WHAT'S SOUSA'S SECRET? -- Post reporter Stephanie McCrummen explores how Principal Dwan Jordon has been able to up test scores at Sousa Middle School: "Sousa has for years exemplified failure. Privately, one faculty member at another school called it a 'dumping ground' for burned-out teachers, a place toxic with low expectations, where students roamed the halls and fought. Eighty percent of the Southeast school's students are from low-income families, 99 percent are African American, and most come from neighborhoods where violence, drugs and other uncertainties invade childhoods. When D.C. Schools Chancellor Michelle A. Rhee appointed Jordon to take over the freshly renovated school two years ago, only 23 percent of its students were proficient in reading, 17 percent in math. Described by a former colleague as 'very, very, very, very, I-can't-say-enough verys competitive,' Jordon fired most of the staff and pushed through other changes his first year. The union fought him. Some parents asked for his dismissal. Then the test results came in: Reading proficiency rose to 39 percent, math to 42 percent. Although those lag behind some D.C. public charter schools', Sousa's gains were the biggest of any public middle school in the city last year, and they have drawn attention. In recent months, principals, teachers and education consultants have descended on the red-brick school off Minnesota Avenue SE. They have asked to see Jordon's master schedule, his code of student conduct and the acronym his teachers developed to help kids with reading tests, seeking a distillation of a process that might be replicated."

NO BIAS HERE -- Another Deborah Simmons classic in the Washington Times. Start with the headline: "Fenty boasts achievements as election nears." Stay for the nut graf: "Team Fenty is trying to answer the question 'What have you done for me lately?' before voters even pose the query. It's all part of the campaign's 'Getting Results' slogan, whose intent is to credit Mr. Fenty and dispel any suspicion that his administration has class or race biases. The mayor is an equal opportunity tax-and-spend Democrat."

GOOD HIRE -- Kwame Brown's campaign for council chairman has a new flack: Former Loose Lips columnist James Jones. WTOP's Mark Segraves reports: "'He's got it all, the policy side and the press side,' Brown said. Jones left the City Paper two years ago to become the Senior Program Analyst with D.C. Appleseed a non-profit, public policy group that focuses on local issues such as HIV-AIDS and poverty. Prior to City Paper, Jones was an on-air reporter for WAMU radio. He is well respected both inside government offices and local newsrooms. NBC 4's Tom Sherwood, the dean of Metro reporters, has known both Brown and Jones for years. 'James Jones is a serious journalist who knows how and why the media does what it does. If Kwame Brown wants to learn all that-- Jones is a great choice.' Jones tells WTOP, 'I'm very excited about the opportunity to keep the District moving forward and the council moving forward under the able leadership of Kwame Brown.'"

*** SMALL PLATES ***

Michael A. Brown parks his Hummer illegally (Prince of Petworth)

Harry Jaffe compares D.C. to Chicago (Examiner)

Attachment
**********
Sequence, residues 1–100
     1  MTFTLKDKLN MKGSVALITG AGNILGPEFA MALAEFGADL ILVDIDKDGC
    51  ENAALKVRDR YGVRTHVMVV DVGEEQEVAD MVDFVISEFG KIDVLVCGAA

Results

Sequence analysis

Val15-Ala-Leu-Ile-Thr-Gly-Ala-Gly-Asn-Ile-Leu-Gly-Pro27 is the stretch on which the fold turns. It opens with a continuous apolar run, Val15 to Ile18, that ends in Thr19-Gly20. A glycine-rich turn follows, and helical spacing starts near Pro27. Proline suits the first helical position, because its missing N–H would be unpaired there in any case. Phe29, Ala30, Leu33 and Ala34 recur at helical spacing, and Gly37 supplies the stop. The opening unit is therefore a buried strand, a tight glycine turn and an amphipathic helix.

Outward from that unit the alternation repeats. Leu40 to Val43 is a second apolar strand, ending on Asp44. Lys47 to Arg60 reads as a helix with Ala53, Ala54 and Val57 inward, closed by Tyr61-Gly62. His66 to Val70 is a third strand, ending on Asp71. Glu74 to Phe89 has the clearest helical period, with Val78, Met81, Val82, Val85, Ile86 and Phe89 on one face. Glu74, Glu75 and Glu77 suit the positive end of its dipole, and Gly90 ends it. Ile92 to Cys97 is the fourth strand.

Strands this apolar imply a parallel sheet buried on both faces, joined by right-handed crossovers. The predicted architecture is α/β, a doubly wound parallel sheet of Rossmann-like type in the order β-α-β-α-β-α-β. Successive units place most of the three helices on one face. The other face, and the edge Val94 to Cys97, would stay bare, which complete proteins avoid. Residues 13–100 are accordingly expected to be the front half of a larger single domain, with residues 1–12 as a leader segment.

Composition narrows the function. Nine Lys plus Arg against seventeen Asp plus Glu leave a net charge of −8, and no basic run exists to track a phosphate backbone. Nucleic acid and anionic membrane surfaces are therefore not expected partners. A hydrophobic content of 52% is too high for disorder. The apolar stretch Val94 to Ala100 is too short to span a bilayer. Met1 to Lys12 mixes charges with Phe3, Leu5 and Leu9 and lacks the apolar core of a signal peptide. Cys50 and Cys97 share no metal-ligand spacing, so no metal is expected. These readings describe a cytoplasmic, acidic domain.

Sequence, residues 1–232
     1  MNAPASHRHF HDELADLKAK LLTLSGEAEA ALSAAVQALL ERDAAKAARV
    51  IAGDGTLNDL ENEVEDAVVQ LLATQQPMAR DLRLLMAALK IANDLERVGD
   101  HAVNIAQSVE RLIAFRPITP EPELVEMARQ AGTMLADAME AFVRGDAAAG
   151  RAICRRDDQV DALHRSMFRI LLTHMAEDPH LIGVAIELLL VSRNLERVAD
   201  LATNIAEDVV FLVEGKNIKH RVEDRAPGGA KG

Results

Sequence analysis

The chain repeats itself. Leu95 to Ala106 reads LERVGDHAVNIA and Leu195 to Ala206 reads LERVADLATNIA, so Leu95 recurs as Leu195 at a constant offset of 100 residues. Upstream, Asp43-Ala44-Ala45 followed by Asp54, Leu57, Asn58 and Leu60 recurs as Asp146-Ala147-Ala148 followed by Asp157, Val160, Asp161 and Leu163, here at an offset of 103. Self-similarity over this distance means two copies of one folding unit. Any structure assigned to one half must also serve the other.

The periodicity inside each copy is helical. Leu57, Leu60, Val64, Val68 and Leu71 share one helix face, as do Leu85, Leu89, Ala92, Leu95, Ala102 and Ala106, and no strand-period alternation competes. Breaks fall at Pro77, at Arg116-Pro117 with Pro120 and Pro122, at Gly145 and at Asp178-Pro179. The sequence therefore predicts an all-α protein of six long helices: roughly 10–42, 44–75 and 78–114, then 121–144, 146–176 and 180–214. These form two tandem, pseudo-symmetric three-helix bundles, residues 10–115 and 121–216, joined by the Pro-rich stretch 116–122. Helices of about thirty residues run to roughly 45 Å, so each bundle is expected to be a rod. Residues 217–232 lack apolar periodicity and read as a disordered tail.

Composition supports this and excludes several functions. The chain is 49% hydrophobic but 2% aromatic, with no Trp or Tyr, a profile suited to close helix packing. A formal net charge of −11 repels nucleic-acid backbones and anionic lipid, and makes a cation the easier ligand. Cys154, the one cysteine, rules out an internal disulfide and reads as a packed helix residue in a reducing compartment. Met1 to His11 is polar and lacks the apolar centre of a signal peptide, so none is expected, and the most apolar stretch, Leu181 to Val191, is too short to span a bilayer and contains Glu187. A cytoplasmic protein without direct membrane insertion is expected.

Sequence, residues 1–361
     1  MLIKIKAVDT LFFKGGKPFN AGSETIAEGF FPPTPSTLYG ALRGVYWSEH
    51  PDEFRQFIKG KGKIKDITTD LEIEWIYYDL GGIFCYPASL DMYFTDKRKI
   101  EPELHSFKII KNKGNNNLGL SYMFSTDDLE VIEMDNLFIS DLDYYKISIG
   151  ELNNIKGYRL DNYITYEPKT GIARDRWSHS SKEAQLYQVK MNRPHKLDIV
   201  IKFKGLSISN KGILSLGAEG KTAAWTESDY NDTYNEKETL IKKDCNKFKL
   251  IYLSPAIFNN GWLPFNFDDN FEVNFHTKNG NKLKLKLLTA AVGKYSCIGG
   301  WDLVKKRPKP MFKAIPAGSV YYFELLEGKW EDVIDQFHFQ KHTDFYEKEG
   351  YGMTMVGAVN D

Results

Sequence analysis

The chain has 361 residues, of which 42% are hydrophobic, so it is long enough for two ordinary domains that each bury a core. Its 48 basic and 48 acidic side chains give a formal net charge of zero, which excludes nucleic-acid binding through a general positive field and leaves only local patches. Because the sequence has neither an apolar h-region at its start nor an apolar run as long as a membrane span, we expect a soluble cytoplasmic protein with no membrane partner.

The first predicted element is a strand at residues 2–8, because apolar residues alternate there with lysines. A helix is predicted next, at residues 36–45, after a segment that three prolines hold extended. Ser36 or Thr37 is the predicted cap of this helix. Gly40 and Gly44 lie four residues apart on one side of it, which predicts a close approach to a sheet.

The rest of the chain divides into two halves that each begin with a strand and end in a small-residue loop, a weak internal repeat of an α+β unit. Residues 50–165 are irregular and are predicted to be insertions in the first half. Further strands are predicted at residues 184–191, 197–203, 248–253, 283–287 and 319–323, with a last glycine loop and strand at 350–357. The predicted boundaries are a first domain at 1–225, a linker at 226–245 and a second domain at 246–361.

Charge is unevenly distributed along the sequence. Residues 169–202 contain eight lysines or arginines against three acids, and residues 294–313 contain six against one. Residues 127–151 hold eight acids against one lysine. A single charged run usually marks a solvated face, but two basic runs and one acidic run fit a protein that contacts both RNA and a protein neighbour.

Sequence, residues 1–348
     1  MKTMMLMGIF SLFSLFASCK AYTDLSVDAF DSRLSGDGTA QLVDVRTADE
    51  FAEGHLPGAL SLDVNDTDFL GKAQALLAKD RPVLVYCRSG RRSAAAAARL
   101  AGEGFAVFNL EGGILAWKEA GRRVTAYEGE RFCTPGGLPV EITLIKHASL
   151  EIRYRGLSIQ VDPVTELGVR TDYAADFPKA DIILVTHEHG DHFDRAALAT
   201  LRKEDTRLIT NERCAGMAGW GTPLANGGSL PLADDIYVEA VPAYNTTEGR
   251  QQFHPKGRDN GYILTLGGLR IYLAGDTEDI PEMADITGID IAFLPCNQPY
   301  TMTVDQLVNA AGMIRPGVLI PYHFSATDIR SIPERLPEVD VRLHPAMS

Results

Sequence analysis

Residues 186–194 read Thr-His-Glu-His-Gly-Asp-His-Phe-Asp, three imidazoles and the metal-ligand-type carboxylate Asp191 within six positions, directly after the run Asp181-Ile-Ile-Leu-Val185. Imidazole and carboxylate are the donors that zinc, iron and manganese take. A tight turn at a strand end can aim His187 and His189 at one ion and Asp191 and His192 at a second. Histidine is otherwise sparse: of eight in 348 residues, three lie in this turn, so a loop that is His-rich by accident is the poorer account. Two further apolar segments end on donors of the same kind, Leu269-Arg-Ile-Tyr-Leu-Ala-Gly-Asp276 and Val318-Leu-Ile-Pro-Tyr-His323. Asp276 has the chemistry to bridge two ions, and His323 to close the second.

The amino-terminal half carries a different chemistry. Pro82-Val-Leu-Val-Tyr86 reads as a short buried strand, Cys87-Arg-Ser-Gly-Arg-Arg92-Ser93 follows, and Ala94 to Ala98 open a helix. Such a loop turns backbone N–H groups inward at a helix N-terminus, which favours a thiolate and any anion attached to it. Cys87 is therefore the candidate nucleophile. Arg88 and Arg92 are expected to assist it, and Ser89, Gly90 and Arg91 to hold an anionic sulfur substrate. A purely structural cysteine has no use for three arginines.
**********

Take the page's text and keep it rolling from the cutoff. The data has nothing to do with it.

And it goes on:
The messy state of the Washington Teachers' Union leadership (City Desk)

Protests save tree at Fourth and I streets NW (Post)

Karen Gray Houston covers the war of signs in Ward 4. Also: Fenty HQ was hopping on July 4, while Gray's offices were closed (WTTG-TV)

Two men, 19 and 66, killed in separate incidents of weekend violence. The younger man, Joshua Hopkins, was a former congressional intern attending Fairmont State University in West Virginia; the older man, John Pernell, was at a neighborhood barbecue when he scuffled with armed robbers. (Post, WTTG-TV, (WRC-TV)

Burglars pose as D.C. Water workers! (Examiner)

Long-term care advocate defends Health Care Finance chief (Post)

Metro pulls 100 rail cars due to door concerns (Post)

Young ANC candidate torn between public safety, youth rights (City Desk)

MPD isn't "cracking down" on slugs, chief says (WTOP)

Vacant building owned by church hit with $149,000 tax bill (WJLA-TV)

Victor Reinoso tells fellow mayoral education advisers that quality education "is not just about running the school system in the right way, it is also about ensuring that the compilation of services that the city has to offer is there." National League of Cities)

Is Lynn Leibovitz "D.C.'s Toughest Judge?" (WRC-TV)

Are Ward 6'ers about to get towed on street-sweeping days? (The Hill Is Home)

Preservation board delays decision on Barney Circle Historic District (DCmud)

Monday morning fire unit block of Rhode Island Avenue NW leaves 18 homeless (Post)

More on Rep. Jared Polis's Fenty endorsement (Blade)


*** DESSERT ***

Why cameras belong in the courtroom (Wall Street Journal)


*** ON THE MENU ***

Heat, sweat and lots of cold drinks

By Mike DeBonis  | July 6, 2010; 10:15 AM ET
Categories:  Morning Mike, The District  
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Next: Patrick Mara, ex-council hopeful, tops list of school board challengers

Comments

Shadow representative Mike Panetta was giving out candy as well, though I think it ran out before the end of the parade. He also had temporary tattoos saying "Where's My Star?" that were popular with the kids.

Posted by: KCinDC1 | July 6, 2010 11:27 AM | Report abuse

Please tell Michelle Rhee she is Not running for mayor. I know this gal thinks she can do it all. Again Ms. Rhee, You ARE NOT Running For Mayor!

Posted by: fivetogo | July 6, 2010 6:11 PM | Report abuse